Black Diaspora Movement

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Between 1945 and 1968, Africans began to make major leaps in progress in securing their independence and protecting their rights. Throughout the globe blacks were rising up and fighting back against oppression and injustices which they were caused to endure for numerous years. During this span of 23 years, the original ruling of Plessy v. Ferguson, which declared that separate but equal was constitutional was overturned in the land mark case of Brown v. Board of Education. Before this even happened though black soldiers who fought in World War 2 came home ready to destroy oppression they faced just like they did in Germany. Even though this major step in the right direction, the people of Africa rose up and gained their independence from their inhabitants such as Britain. Even though some of the African colonies gained independence peacefully, some had to fight tumultuous battles in order to earn their freedom and by 1975 most of the continent had achieved this. Things were moving rapidly and people like Kwame Nkrumah believed that there could one day be a United States of Africa.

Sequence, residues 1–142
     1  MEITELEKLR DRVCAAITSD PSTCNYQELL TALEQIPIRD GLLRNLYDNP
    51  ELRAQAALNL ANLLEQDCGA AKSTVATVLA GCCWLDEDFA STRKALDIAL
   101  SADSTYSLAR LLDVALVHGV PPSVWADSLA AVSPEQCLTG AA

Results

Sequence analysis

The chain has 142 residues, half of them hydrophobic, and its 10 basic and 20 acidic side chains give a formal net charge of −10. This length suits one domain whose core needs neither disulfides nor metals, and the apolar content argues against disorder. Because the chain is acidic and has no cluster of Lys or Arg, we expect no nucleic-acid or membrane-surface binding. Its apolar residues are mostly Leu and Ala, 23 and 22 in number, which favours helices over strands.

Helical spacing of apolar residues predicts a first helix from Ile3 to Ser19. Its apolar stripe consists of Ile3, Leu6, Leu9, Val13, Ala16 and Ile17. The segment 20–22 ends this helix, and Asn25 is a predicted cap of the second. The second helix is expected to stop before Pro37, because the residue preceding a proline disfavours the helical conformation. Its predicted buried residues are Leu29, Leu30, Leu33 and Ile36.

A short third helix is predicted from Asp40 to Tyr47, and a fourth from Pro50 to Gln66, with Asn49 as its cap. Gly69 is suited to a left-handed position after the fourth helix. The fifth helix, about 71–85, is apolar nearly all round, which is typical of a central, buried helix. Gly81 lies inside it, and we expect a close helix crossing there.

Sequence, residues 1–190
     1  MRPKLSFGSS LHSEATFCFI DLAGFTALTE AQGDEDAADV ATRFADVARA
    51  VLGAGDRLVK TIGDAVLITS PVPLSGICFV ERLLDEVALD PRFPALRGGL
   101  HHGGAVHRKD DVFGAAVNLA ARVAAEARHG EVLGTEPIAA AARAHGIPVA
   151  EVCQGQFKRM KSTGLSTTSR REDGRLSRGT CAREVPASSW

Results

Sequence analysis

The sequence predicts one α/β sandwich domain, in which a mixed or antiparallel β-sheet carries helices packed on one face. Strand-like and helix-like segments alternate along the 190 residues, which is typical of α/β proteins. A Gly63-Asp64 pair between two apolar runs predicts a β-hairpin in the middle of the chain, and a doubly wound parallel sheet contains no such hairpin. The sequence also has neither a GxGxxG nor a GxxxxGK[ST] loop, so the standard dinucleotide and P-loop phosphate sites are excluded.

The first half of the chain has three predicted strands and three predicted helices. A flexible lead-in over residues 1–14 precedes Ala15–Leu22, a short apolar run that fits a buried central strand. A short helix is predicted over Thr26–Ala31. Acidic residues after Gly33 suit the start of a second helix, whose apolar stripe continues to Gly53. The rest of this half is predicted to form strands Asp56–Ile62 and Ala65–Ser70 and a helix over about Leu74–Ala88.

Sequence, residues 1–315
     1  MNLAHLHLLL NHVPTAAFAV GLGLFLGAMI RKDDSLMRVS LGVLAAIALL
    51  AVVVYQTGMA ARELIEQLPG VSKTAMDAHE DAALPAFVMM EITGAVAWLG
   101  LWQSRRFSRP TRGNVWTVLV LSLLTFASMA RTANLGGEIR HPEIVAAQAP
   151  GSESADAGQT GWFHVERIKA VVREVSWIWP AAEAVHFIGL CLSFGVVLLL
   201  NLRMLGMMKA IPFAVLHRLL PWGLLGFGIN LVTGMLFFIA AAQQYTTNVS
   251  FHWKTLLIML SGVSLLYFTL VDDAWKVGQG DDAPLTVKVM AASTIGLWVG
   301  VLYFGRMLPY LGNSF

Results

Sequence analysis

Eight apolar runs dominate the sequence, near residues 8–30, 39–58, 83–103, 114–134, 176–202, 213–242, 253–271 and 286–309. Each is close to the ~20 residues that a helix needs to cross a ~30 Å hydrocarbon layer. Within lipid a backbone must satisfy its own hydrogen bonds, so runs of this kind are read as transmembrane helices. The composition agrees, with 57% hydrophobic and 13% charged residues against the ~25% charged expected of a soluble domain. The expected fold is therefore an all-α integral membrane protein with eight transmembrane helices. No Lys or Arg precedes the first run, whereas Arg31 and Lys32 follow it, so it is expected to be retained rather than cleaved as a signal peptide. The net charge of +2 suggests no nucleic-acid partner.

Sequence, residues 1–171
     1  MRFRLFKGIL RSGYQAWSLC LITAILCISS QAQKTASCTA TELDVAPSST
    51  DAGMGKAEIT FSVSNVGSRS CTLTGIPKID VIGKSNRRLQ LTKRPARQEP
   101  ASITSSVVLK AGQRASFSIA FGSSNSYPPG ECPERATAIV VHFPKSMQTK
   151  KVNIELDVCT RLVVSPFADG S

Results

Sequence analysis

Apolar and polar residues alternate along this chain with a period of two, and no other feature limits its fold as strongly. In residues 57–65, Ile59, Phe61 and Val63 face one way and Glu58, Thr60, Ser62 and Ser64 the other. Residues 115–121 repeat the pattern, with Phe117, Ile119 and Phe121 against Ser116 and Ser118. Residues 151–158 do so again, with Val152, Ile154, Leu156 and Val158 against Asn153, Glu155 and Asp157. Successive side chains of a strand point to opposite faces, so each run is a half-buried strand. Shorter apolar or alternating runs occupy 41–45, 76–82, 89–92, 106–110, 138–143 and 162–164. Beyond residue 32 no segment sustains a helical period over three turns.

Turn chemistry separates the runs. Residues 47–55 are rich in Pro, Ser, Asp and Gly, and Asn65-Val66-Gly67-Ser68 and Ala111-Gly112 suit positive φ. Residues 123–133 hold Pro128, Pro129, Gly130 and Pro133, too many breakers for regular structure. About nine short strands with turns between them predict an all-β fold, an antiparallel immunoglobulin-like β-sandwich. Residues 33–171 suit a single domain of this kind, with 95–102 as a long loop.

To further help these movements in the right direction organizations like the NAACP (National Association for the Advancement of Colored People), and CORE (Congress of Racial Equality) where formed and fought constantly in order make sure that the rights of blacks were protected all over the United States. Leaders/ individuals like Martin Luther King Jr. began to come to the front and lead many people in peace protests/boycotts which eventually helped African Americans gain rights which many take for granted today. For example, Martin Luther King Jr. helped set up a boycott after Rosa Parks was arrested for refusing to give up her seat to a white person in the front of the bus. This boycott caused the Alabama transportation system to lose lots and lots of money, until eventually they broke down and allowed blacks to sit where they wanted to on buses. Other people like W.E.B Dubois...
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